Crafting a harpoon (FFXIV)
For those of you who didn't play the game or just don't remember, I'll point out that back in the day, the harpoon was a lower-tier spear that was not particularly impressive or desirable. It was the sort of weapon you use briefly and then discard. But for me, it was a weapon that took quite a bit of work to get because I had most of the necessary crafts and I was determined to make one for myself instead of asking for help. That meant a whole lot of other work just to get the ingredients and try -- at first unsuccessfully -- to make some of the ornate supporting parts like clips.
Was it needlessly complicated? Yes. There's no good reason any crafting system should require so much rigamarole for a low-level item. But it also got me firmly invested in the game. When I finally grabbed that simple little poking stick, I couldn't have been happier because it was all mine. I still have it tucked away in my inventory, just for nostalgia and long-standing affection. You might never be worth equipping again, but you're still my first spear.
Unlocking Dragoon (FFXI)
I don't know if I'd say that Dragoon is the most annoying advanced job to release; hunting weather for Summoner is pretty obnoxious. So was dealing with stupid leeches for Ninja. And let's not forget what I just said about Corsair. But Dragoon was a rough one, and I remember unlocking it vividly because I was in a race against time. I was about to go on winter break from college, and at the time, I had people lined up to help me, but I didn't have an internet connection at home.
Yes, this was 2003.
So I had to race to get everything ready, struggle to level up in time, and then get everything scheduled so that I could get my wyvern before I was out of time. I remember having been annoyed by the idea of having a wyvern before I saw him, but when I sat down and saw him curl up next to me, I fell for the little guy. It felt like a major accomplishment. In hindsight, it wasn't. The fight is pretty easy when you pass a certain level, and it's not like Dragoon is some godlike class... but I still look back on that and smile.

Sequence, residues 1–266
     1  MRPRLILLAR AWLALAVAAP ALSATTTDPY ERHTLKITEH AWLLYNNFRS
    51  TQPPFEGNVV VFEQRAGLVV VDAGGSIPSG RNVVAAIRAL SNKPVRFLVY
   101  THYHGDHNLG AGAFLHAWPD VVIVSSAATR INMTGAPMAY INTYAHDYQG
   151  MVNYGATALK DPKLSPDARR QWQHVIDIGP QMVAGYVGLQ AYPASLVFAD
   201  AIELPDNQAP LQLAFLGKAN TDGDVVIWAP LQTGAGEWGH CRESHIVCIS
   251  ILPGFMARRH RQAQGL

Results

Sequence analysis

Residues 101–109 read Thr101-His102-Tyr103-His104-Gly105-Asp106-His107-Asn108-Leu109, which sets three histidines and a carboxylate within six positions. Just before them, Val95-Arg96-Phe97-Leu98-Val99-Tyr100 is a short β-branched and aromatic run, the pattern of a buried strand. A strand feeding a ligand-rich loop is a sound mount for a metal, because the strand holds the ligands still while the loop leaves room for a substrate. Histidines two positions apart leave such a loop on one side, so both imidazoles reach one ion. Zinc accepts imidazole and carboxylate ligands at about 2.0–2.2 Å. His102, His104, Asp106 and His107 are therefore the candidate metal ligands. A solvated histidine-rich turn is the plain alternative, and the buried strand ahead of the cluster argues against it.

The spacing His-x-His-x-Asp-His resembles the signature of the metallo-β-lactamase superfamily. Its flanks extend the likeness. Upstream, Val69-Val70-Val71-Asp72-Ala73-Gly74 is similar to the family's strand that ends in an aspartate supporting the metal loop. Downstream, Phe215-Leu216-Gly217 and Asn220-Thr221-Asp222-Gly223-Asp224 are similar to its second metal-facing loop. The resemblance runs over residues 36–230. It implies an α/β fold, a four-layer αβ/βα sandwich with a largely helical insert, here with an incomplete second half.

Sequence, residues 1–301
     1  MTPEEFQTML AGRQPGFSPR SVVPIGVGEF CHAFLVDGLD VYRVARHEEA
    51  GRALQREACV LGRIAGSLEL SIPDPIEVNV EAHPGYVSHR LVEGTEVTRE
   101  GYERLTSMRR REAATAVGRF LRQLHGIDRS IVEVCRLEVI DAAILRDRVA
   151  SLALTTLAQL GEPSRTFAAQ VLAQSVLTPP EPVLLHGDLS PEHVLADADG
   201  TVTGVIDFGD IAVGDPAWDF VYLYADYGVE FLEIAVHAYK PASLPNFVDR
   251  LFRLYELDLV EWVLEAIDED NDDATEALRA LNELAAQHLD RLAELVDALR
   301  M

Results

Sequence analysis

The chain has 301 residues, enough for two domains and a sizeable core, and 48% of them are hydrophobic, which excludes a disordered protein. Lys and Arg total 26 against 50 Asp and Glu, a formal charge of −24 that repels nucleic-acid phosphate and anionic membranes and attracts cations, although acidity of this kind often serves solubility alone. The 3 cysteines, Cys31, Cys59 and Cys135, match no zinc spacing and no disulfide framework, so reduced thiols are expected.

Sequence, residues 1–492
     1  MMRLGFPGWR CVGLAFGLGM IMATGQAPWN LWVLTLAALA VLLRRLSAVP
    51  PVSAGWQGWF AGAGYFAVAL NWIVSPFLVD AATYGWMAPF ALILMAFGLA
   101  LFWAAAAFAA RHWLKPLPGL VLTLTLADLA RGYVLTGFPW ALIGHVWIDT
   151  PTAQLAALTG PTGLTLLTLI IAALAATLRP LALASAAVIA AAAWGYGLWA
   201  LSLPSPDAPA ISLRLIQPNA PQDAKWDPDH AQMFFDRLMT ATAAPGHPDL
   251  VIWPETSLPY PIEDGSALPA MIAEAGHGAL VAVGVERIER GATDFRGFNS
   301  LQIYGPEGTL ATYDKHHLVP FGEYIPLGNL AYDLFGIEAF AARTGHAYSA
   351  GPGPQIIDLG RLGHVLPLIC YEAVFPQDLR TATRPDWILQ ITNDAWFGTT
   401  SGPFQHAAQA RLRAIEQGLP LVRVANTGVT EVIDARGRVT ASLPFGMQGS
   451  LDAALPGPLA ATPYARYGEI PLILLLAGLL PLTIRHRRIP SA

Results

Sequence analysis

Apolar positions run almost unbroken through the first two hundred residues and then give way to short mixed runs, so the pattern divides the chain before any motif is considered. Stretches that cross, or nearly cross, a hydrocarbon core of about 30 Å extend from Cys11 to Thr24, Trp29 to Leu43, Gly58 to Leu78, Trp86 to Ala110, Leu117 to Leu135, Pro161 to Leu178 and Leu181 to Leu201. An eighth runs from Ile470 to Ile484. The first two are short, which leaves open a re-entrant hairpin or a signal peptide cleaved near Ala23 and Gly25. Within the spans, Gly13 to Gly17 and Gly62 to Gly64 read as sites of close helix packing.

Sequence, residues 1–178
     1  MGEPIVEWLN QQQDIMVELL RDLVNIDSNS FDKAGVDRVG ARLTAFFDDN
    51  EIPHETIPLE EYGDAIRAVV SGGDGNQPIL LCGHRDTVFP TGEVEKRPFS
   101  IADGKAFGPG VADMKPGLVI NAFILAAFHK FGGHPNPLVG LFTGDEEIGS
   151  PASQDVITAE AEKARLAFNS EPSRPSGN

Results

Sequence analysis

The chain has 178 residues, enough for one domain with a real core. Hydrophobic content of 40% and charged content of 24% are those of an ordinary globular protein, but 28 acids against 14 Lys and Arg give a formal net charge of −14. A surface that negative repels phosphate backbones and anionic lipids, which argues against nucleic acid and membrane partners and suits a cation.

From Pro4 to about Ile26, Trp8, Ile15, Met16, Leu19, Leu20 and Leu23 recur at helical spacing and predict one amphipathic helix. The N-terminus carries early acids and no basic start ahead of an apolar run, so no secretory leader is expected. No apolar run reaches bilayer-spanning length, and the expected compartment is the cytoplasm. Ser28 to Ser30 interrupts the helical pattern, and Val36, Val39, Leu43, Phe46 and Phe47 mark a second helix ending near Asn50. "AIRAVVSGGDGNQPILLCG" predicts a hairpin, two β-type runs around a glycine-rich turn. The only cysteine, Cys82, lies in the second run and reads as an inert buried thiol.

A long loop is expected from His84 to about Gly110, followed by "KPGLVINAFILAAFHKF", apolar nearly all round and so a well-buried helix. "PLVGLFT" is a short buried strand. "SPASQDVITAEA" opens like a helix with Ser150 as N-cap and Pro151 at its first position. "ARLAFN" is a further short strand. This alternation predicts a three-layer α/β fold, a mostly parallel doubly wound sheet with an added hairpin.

I wouldn't say those are my top five, but they're the ones that jump to mind first. So what are your nostalgic stories? Let me know down in the comments, or mail them to me at firstname.lastname@example.org if you want just me to know. (I can't imagine what scenario would make that a reasonable course of action, but I am not omniscient.) Next week, it's time for my retrospective of the last year in The Mog Log, and let me say that it really feels as if I haven't been doing this for three whole years.
From Eorzea to Vana'diel, there is a constant: the moogles. And for analysis and opinions about the online portions of the Final Fantasy series, there is also a constant: The Mog Log. Longtime series fan Eliot Lefebvre serves up a new installment of the log every Saturday, covering almost anything related to Square-Enix's vibrant online worlds.